WOPCOM Blog: Heimtextil 2019: New concept well received, by Geert Böttger

From 8 to 11 January, Heimtextil 2019, the largest European exhibition in the field of interior textiles, took place in Frankfurt am Main. There was a restructuring of the trade fair, which also included household textiles and the central hall for our branch, hall 8. Approximately 1,800 exhibitors were “moved” and the result was received positively.

Heimtextil is the first major furnishing fair of the year, and traditionally a barometer of the expectations and composition of the textile furnishing industry. Although economic uncertainties are observed and there is an increasingly clear restructuring in favour of online trading, the mood at Heimtextil was positive, especially among the exhibitors.

The positive feeling is increasingly the case for the textile service industry and its flat-ware suppliers, because the health care market keeps getting bigger and tourism keeps breaking the record of overnight stays. “In general hotels are doing well,” says Peter Beirholm, owner of the well-known service provider Beirholms Vaevarier, “there is great interest in hotel and house-specific solutions.”

The trade fair was a success

The fair reflected its success in its numbers. On the supply side a new record was achieved with 3025 exhibitors, even though some old exhibitors, such as Frottana and Dibella, decided not to exhibit this edition, to get an idea of the new hall concept, before partaking.

There was a slight decrease in the number of visitors. 67500 visitors in 2019 compared to 68584 in 2018. The reason for this could be the difficult travel conditions in southern Germany as a result of the winter weather.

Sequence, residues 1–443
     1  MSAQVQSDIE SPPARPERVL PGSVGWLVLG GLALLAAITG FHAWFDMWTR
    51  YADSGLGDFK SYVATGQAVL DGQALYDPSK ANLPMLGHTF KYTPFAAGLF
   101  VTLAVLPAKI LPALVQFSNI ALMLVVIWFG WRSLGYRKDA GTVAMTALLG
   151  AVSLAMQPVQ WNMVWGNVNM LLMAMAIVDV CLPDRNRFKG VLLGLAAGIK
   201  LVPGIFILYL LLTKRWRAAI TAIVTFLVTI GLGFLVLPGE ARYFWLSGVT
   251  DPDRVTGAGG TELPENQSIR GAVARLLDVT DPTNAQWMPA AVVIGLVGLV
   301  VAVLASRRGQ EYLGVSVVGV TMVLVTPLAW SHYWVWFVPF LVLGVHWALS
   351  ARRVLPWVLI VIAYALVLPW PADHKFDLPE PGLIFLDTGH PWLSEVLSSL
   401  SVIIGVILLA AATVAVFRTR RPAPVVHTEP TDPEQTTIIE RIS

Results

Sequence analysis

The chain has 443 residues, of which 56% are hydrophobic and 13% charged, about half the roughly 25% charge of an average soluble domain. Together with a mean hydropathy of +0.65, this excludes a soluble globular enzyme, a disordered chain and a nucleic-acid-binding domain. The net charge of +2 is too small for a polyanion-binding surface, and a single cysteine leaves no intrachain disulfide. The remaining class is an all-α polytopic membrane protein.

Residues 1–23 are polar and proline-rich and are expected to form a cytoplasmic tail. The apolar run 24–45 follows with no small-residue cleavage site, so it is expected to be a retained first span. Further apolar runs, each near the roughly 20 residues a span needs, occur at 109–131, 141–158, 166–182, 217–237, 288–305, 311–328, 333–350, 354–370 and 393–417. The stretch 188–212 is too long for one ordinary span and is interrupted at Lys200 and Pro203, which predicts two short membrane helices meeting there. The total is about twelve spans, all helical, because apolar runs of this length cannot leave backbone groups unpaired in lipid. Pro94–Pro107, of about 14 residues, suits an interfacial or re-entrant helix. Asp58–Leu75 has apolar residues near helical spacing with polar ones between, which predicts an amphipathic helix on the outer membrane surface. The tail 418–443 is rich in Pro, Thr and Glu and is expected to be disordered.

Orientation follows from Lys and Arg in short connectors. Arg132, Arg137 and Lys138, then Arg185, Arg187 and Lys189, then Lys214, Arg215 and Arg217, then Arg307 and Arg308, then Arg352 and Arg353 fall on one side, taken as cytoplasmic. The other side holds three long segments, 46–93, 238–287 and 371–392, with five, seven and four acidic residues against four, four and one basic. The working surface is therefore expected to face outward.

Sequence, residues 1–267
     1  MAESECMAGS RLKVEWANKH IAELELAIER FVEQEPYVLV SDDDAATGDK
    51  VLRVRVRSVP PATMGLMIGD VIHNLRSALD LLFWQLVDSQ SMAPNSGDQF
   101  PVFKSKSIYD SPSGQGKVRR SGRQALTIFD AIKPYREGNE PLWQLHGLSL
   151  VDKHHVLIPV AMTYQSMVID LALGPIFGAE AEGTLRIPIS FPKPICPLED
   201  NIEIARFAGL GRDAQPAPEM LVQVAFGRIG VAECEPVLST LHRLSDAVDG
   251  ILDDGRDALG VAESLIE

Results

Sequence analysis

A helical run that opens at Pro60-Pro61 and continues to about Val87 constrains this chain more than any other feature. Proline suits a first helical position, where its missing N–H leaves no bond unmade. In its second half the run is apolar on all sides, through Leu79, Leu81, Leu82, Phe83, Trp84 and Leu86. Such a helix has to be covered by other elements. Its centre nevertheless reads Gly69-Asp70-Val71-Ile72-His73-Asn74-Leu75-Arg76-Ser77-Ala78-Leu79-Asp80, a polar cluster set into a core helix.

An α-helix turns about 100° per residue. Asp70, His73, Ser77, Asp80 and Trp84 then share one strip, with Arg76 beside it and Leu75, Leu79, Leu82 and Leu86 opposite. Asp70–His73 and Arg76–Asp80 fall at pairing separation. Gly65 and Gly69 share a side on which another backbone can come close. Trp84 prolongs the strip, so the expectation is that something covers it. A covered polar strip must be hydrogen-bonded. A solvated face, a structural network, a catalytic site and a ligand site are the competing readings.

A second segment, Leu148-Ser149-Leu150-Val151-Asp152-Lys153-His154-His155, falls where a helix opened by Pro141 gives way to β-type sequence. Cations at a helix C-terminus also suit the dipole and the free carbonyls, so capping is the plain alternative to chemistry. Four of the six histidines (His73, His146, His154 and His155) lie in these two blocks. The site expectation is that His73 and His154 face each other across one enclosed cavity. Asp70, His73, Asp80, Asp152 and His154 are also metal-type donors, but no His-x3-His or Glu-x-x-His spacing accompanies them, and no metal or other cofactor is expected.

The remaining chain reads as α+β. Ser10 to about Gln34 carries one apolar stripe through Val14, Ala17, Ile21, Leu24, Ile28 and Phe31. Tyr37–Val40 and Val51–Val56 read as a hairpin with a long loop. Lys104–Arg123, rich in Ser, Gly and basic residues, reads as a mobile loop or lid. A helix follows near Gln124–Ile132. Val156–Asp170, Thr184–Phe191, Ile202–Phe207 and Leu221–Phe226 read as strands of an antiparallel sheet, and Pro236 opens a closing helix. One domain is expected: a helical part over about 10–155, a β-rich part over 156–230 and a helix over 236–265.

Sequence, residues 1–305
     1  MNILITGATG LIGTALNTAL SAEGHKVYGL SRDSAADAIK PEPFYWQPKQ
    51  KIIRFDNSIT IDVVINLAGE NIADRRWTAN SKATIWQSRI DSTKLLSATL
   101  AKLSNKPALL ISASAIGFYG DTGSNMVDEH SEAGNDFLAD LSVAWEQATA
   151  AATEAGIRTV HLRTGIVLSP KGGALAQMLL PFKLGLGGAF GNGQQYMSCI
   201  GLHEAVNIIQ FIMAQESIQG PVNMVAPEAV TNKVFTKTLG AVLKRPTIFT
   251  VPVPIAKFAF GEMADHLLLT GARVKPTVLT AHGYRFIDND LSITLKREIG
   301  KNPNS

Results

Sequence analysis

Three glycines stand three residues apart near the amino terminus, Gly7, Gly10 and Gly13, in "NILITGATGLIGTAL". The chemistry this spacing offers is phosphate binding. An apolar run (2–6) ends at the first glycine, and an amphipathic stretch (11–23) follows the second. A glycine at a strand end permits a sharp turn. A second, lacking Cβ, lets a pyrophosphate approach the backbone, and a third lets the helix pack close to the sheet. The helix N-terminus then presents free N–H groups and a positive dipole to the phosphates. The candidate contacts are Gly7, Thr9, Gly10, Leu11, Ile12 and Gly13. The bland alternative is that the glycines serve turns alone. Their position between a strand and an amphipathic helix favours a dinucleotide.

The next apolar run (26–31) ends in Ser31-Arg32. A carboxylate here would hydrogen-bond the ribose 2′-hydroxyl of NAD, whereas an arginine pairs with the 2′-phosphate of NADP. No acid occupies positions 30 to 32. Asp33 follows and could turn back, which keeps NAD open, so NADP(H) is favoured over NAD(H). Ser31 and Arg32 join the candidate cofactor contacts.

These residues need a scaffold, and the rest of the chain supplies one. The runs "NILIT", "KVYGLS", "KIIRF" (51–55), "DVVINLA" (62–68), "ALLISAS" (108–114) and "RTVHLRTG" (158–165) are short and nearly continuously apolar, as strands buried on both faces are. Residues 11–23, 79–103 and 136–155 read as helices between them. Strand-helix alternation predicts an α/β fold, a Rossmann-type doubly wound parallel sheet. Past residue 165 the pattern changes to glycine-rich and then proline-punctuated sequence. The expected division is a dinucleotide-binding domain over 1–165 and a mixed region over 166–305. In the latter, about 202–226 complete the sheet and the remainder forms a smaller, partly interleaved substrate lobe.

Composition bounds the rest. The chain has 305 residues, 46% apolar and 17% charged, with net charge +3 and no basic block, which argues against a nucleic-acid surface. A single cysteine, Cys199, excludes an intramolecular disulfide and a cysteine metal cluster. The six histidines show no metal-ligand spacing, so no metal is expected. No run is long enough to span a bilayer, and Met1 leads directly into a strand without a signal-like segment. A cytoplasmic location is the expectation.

Trends

The fair usually has a ground-breaking function, when it comes to trends, because like no other fair it illustrates the interior context of all product groups. In this year’s theme “Toward Utopia”, the trends were derived from current social trends and design trends.

Toward Utopia (Image: Messe Frankfurt / Pietro Sutera)

In addition, a number of extra trend themes were highlighted with specific special shows, lectures and thematic tours. Heimtextil is so rich in inspiration that it perfectly fulfils the informative function of a trade fair.

So, what was new? Where lies the focus?
Heimtextil visualized the subject of sleep as an unfolding lifestyle trend. Restful sleep is one of the most important building blocks for long-term physical and mental well-being. At Heimtextil, a series of new products and aspects emerged that help people sensitize and analyse their sleep patterns and promote good sleep.

Focus on hotel furnishings

The fair presented solutions for textile furnishing – individual, durable and functional – from textile with acoustic function or special wear resistance to modular carpets, sun protection or innovative wall coverings. During a themed tour with hotel hostesses, a number of suppliers of bed and bath linen were highlighted.

Focus on sustainability

Numerous exhibitors presented solutions, for example in the recycling of PET bottles and ocean plastics, as well as in the use of certified natural materials. Halls 10, 11 and 12 for suppliers of flat goods were well attended during the exhibition days and offered a series of interesting trends and innovations.

Examples of innovations introduced at Heimtextil

  • Floringo’s Loungeline, for relaxation and wellness areas or the swimming pool. Their bathrobe range has been expanded with a version with 250 gr/m².
  • Modular system by Beirholm, fibre mixtures equipped with EU Ecolabel, flexible in terms of ecological qualities.
  • Setex has put the focus on sustainability and presented the Setex Greenline, a variety of mattress protection products which are certified according to different standards (GOTS, GRS, Made in Green).
  • Benevit van Clewe’s hotel collection now includes 100% cotton jersey products with a PU foil, which meets the increased demand from hotels for hygienic products.
  • Advansa introduced an easy-care microfibre that can be washed and dried just like a normal filler fibre. In general, microfibers require a very long drying process. The new easy-care type microfibre (1,1dtx) absorbs less water thanks to a modified, siliconized finish with hydrophobic properties.

There were enough bathroom textiles to be seen (Image: Messe Frankfurt / Jean-Luc Valentin)

The next Heimtextil in Frankfurt am Main – the 50th edition – takes place from Tuesday the 7th until Friday the 10th of January 2020.

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